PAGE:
Let me share a testimony

I have worked in Corporate Communications and the Creative Industry for almost 15 years and I have seen how our people react to new innovations. I remember in 2001 when the tech boom was just beginning. I had just discovered my passion for multimedia and design so I downloaded Swish and Macromedia Flash, web animation and development software. After a week of sleepless nights, I was a super bachelor then, I had mastered the software, including JavaScript. I went on to recreate a print Annual Report for one of the Commercial banks which has since closed its operations.

I transformed a print publication into an interactive publication which meant that the Annual Report could be accessed interactively on CD and online. It had links to images, video and audio for the Chairman’s report and a corporate profile video embed to it. Using a javascript code and email call to action, the client had some sort of data analytics. This method saved the client a lot of money as they cut their Annual Report and Financials publishing budget by 50%. That was how I digitally disrupted print Annual Reports in 2001.  Sadly, the following year, the bank decided to produce a printed Annual Report because most board members preferred print and the new marketing manager preferred simple things. Wow!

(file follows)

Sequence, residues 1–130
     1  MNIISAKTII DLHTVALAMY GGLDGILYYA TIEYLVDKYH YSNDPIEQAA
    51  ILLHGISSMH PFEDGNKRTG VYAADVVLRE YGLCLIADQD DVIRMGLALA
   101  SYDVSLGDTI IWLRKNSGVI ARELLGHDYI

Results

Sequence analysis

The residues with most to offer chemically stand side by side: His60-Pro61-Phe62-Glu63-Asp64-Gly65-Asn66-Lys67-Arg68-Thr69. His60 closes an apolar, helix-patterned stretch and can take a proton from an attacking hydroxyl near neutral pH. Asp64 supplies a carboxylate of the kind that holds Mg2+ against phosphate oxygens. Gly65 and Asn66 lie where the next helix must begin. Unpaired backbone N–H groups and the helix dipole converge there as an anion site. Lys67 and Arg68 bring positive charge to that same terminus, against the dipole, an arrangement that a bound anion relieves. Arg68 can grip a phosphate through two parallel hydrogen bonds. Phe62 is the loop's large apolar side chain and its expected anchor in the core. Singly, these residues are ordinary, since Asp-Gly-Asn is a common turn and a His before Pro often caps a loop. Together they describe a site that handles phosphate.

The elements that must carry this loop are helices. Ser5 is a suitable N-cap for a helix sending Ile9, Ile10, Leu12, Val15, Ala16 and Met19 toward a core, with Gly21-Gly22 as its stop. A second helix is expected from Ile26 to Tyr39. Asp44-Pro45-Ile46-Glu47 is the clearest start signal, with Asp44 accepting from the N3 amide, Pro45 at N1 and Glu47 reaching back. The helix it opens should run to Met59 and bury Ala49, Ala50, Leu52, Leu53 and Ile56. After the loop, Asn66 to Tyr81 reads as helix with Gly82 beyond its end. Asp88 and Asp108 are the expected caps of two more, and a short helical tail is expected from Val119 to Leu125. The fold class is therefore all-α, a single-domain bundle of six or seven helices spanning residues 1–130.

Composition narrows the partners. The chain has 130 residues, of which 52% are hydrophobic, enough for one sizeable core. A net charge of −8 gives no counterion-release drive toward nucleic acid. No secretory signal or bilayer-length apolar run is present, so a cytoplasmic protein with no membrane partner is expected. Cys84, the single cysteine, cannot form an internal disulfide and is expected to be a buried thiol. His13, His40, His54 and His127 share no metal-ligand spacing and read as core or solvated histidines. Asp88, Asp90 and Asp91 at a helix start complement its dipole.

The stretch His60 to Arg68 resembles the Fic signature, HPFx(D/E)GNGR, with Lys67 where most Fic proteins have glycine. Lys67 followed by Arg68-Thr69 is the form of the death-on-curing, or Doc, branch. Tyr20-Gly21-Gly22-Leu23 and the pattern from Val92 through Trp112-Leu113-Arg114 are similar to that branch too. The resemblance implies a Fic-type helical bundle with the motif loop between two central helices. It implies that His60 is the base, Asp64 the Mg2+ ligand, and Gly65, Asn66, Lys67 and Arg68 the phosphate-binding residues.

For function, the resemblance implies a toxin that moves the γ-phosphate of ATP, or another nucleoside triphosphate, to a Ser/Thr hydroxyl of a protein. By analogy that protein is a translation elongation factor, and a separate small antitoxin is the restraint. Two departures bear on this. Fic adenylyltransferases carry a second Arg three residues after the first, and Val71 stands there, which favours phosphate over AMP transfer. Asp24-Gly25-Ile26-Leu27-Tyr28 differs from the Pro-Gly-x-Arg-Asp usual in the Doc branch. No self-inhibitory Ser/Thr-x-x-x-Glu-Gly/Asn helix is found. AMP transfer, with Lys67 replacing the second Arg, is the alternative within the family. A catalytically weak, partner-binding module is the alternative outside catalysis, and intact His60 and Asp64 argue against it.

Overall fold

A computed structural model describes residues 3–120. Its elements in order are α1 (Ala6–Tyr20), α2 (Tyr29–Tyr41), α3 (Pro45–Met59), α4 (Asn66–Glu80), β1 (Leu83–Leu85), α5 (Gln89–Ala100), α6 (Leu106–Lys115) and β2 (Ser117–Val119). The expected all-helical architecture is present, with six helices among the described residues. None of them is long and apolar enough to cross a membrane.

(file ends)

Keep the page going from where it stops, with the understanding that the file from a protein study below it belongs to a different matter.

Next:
This was a big blow to me. I had the energy and the zeal for digital innovation. I wasn’t alone in this disruption race, many freelance Creatives were also producing amazing concepts but faced a lot of resistance from Ad Agencies who wanted to maintain the large amounts of profit brought by print. The IT guys crushed the project because it was exposing them. “Why is our IT department not doing this?” became a popular question from management.  

IT departments have been limited to hardware repairs and networking duties for decades. The absence of Data science and tech based RD has resulted in the loss of huge business and customers. A few local companies and organisations have repented and things are not as bad for them as they would be if they were in the digital dark. Career body bags need to stop piling. Africa should not suffer the laggard’s cry, mourning in the morning, “What happened to our industry?” Sadly, Africa is always playing the underdog. Late adaption!